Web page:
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PPC Ad Text Win of the Week – 52% Improvement for BoostCTR

August 8th, 2011 by

Today, I’m featuring another contest from the ongoing optimization of the BoostCTR campaign running on AdWords. I’m doing this for two reasons:

 

Reason #1. It’s important that you know “we eat our own dog food.” Which is to say, we follow the same ad optimization process that we recommend to our clients.

 

Reason #2. We have now completed a few BoostCTR contests. So I can show you how the ads have evolved over the last couple months.

 

With that in mind, let’s take a quick look-back at the very first contest we ran in this campaign

 


PPC Ad #1

BoostCTR Content Ad #1
PPC Ad #2

BoostCTR Content Ad #2

 

In this first contest, the long copy destroyed the short copy. Ad #2 was written by “chewiness,” and it increased CTR by a stunning 326% — more than triple the original CTR.

 

We then ran a second contest, which produced a new winner. And now we have run a third contest that has produced yet another new winner. This third contest is featured below. It’s your job to see if you can pick the winner.

 

So: Which of the two ads below got a higher CTR? Make your decision and scroll down to discover the answer. (By the way, these ads ran on Google’s Content Network — not search.)

 

PPC Ad #1

BoostCTR - Ad #1
PPC Ad #2

BoostCTR - Ad #2

 

As you can see, the ads use a similar approach in the title. The question is, Which approach worked best? The question or the statement?

 

In this case, the winner was ad number one. It was written by “wordisborn,” and it increased CTR by 52%.

 

So what made the difference between these two ads? Let’s take a look…

 

1. The winning ad takes a more direct approach in the title. Rather than asking a question, it very bluntly states, “Your CTR Sucks.” Many people who advertise are insecure about the results they’re getting, so this title capitalizes on that insecurity. This change alone is probably the single biggest factor in the higher CTR.

 

2. The first line of body copy in the winning ad flows naturally out of the title copy. If you agreed with the title copy, then you’ll quickly agree to the next statement: “Time to try something new.” Well, of course! If your CTR sucks, it is time to try something new.

 

3. The winning ad closes out the body copy with a specific claim… that this “new” thing boosts CTR and conversions by 30%. At this point, the potential client is intrigued enough to click. If he has agreed to the first two statements, he’ll want to find out HOW he can get 30% higher CTR and conversions.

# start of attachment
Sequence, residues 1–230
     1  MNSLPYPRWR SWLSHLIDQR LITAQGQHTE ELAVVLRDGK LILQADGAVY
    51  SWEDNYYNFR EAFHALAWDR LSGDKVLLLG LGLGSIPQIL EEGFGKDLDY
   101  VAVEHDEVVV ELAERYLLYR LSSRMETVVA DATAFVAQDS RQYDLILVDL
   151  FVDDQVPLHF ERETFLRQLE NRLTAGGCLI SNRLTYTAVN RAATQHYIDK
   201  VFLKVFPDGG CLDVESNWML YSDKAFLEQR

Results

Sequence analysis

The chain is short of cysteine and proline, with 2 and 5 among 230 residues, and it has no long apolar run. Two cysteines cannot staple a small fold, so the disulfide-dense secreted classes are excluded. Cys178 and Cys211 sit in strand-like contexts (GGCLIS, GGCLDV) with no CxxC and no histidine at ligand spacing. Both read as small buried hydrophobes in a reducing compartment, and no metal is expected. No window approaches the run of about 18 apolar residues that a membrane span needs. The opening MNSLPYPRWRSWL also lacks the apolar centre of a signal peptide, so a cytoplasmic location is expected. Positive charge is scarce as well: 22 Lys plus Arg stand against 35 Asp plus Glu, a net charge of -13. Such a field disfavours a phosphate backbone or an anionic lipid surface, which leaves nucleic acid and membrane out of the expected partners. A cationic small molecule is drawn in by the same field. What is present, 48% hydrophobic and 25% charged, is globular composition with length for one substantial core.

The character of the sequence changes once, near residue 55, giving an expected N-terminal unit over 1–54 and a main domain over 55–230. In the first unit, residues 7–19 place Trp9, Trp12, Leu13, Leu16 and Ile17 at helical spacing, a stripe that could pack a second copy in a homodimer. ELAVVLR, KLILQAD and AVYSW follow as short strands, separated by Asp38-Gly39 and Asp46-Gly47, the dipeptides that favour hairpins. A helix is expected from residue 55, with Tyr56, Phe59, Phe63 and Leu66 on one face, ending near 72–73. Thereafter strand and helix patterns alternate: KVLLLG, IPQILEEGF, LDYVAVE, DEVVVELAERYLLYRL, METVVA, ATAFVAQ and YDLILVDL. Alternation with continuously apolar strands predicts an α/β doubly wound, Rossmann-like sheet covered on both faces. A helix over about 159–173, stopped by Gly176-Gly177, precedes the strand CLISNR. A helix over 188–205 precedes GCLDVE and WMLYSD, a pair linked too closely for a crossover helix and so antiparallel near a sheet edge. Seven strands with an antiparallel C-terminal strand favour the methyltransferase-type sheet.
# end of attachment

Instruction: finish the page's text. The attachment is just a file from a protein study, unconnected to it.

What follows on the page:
4. As a point of contrast, the losing ad mentions only CTR — and does not say anything about increased conversions. This omission may reduce the appeal of the ad. Advertisers are generally most interested in improving their conversions.

 

5. The losing ad ends with a good call to action, but it’s not enough to overcome the momentum that’s built in the winning ad. Again, we see an exception to a good ad writing principle: The ad with the call to action loses to the ad that doesn’t have one.

 

The bottom line: The new ad wins because it uses a more arresting headline, builds momentum quickly, and promises a specific benefit that all PPC advertisers want (higher CTR and increased conversions).

 

What’s your takeaway from this contest — and the contest that preceded it? How will you apply what you learned to the next PPC ad you write? Leave a comment to share your thoughts.

 

By the way…

 

BoostCTR writers are chomping at the bit to improve your pay-per-click ads on both Google and Facebook. It’s what they do. Sign up today and put them to work.

 

Note: This article was produced by BoostCTR and originally appeared on Wordstream as a guest post.

 

ryan-healy About the Author: Ryan Healy is a direct response copywriter and BoostCTR writer. Since 2002, he has worked with scores of clients, including Alex Mandossian, Terry Dean, and Pulte Homes. He writes a popular blog about copywriting, advertising, and business, and is the creator of the world’s first trust seal for affiliate programs.

 

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5 Responses to “PPC Ad Text Win of the Week – 52% Improvement for BoostCTR”

  1. I have no idea if this stuff will work better for general advertising – but for targeting the industry, always helps using terms and performance goals.

  2. Mohan Arun says:

    Actually the second ad appealed to me and I would’ve clicked on it because it specifically (a) doesnt make a claim, (I am wary of claims these days) (b) tells us what is the offering clearly and upfront (“an ad writer network”)

  3. Danny A says:

    If Ad #2 has more than one variable that’s different from Ad #1 then how do you really know which variable is responsible for the improvement in CTR? Would it be better to use the same body copy and just test two different headlines, then find a winner and test two different versions of body copy with the winning headline?

  4. ryanhealy says:

    It depends. That is a valid approach. In the past, I’ve tested two ads that only had a single word that was different. But sometimes the best approach is to test something that is totally different, in which case it usually involves changing up the whole ad.

    Also, if you run two ads that have different body copy, then how do you know which words in the body copy made the difference? There is still some level of analysis that has to occur.

    When it comes to analyzing why one ad wins and another loses, we’re making educated guesses. After analyzing dozens of PPC ads, it becomes easier to spot the deciding factors because they seem to repeat often in the winning ads.

  5. [...] A/B Testing Question: Only Test One Variable at a Time? August 11th, 2011 by Ryan Healy In a recent Win of the Week, Danny A. asks a good question: [...]